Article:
If you have ever taken a quiz entitled “How to tell if your boyfriend is cheating on you” or “Answer these five questions to learn to see if you’re a good friend,” then you’ve probably taken something akin to what we call a “Cosmo test.” Your answers to just a few questions will result in a detailed analysis of your personality, along with a lengthy set of advice on how to improve your life (or a massive pat on the back if you score high). Cosmo tests are fun, entertaining, and engaging: they lend themselves to having results posted on social media feeds and to being talked about with friends. If you’re trying to kill a few minutes or just curious about your results, then these tests are perfectly designed.
If you’re hoping for entertainment, then the science of test development doesn’t matter much. The trouble comes when you make decisions based on less-than-scientific test results. In financial services, many consumers and advisors aren’t aware of the difference between Cosmo and “real” tests. The prominent examples in financial services are less-than-scientific versions of investor risk tolerance assessments (for example, see this discussion on Bogleheads). These include homegrown tests that lack research or theory, or tests without any documentation as to their validity. Many of these types of tests ultimately connect your responses to just a few questions to a suggested investment portfolio.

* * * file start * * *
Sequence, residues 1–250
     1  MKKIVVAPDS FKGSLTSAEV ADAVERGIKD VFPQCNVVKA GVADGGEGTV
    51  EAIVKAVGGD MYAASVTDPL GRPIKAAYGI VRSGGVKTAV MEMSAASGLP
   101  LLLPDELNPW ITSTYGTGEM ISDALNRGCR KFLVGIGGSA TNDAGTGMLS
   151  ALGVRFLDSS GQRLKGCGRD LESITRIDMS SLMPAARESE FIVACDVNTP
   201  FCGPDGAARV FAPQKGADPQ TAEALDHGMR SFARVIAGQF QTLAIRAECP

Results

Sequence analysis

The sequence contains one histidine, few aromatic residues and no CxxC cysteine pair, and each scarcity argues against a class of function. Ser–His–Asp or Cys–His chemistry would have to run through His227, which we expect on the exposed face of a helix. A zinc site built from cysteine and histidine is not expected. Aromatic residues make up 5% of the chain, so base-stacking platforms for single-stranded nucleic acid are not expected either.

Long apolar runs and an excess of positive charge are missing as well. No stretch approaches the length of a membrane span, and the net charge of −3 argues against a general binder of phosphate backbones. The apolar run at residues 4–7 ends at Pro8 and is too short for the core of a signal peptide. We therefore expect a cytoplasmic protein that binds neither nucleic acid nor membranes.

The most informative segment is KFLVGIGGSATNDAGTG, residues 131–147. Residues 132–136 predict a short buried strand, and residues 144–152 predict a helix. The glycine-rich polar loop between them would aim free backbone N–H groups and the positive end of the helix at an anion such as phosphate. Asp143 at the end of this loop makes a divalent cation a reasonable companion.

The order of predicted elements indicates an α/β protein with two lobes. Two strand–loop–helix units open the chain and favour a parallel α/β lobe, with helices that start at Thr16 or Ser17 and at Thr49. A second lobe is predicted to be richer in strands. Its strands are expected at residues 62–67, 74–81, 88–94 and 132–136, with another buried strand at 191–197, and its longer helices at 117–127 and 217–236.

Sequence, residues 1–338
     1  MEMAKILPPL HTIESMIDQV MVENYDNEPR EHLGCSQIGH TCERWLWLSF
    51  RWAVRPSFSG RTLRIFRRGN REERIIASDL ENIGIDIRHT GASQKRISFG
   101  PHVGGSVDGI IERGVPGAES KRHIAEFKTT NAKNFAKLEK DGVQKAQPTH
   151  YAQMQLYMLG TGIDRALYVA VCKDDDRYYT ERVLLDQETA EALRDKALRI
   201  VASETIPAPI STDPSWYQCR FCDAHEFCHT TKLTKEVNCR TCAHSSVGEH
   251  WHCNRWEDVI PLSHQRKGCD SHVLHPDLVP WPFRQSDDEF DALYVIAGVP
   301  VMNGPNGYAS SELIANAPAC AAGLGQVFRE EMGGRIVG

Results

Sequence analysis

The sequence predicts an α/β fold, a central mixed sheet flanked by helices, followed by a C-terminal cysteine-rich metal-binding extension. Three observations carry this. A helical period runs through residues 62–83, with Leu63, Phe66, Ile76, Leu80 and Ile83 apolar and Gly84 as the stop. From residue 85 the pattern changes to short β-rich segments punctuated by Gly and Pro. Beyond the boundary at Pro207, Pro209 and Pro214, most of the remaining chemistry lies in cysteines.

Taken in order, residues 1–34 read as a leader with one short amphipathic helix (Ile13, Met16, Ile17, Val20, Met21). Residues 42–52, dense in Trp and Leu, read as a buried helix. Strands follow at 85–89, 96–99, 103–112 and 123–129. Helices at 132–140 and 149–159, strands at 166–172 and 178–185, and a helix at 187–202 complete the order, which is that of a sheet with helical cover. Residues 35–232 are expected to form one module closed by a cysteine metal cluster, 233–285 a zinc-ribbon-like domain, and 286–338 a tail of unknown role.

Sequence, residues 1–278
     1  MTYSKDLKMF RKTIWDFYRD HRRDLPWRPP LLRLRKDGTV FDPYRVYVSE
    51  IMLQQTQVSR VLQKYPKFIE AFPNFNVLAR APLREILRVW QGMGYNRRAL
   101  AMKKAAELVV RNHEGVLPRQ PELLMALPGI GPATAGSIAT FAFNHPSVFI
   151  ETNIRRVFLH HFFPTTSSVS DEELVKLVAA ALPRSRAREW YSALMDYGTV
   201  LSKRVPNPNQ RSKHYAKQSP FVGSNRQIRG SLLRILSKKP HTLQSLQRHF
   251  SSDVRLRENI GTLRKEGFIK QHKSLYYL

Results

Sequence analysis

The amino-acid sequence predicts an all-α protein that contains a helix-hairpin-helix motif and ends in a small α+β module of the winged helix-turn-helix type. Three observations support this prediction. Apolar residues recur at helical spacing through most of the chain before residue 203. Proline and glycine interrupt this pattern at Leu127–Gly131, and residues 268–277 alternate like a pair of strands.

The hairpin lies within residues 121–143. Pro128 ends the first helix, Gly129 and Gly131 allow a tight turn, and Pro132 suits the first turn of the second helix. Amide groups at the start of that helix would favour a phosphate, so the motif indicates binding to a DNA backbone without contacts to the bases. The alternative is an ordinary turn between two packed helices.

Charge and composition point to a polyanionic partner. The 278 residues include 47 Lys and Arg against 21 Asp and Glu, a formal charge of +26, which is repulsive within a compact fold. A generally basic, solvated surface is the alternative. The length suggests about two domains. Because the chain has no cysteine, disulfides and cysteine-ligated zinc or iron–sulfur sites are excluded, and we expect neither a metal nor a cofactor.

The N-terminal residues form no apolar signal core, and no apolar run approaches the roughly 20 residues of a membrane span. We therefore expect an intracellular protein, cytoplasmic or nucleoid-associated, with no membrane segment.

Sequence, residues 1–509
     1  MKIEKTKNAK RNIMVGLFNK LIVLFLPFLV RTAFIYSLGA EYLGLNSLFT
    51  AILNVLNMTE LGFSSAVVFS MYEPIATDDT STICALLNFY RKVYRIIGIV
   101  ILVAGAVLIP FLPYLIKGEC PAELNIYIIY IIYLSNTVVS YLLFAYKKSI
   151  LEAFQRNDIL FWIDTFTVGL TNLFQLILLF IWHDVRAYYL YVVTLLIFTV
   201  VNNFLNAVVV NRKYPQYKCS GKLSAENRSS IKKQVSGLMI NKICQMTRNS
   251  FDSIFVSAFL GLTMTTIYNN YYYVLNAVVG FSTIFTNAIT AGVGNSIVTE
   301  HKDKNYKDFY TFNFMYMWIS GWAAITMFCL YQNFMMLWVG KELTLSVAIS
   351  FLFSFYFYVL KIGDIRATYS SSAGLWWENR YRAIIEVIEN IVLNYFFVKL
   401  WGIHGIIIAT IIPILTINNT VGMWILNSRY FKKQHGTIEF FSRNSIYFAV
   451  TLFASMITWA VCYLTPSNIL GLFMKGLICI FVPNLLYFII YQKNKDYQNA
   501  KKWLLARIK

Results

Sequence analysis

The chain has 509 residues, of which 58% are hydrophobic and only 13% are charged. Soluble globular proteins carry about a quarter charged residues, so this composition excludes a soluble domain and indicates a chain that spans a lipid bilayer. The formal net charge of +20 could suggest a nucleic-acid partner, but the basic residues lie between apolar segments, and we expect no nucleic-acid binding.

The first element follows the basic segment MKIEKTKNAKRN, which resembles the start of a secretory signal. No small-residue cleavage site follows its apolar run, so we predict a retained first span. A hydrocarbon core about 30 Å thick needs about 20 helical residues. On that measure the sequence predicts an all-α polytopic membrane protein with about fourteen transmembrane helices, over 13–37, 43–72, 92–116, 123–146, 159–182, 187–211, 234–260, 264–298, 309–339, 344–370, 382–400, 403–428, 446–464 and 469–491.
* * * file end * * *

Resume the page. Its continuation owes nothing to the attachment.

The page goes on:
Why does science matter when we’re talking about tests? Let’s look at an example outside of financial services first: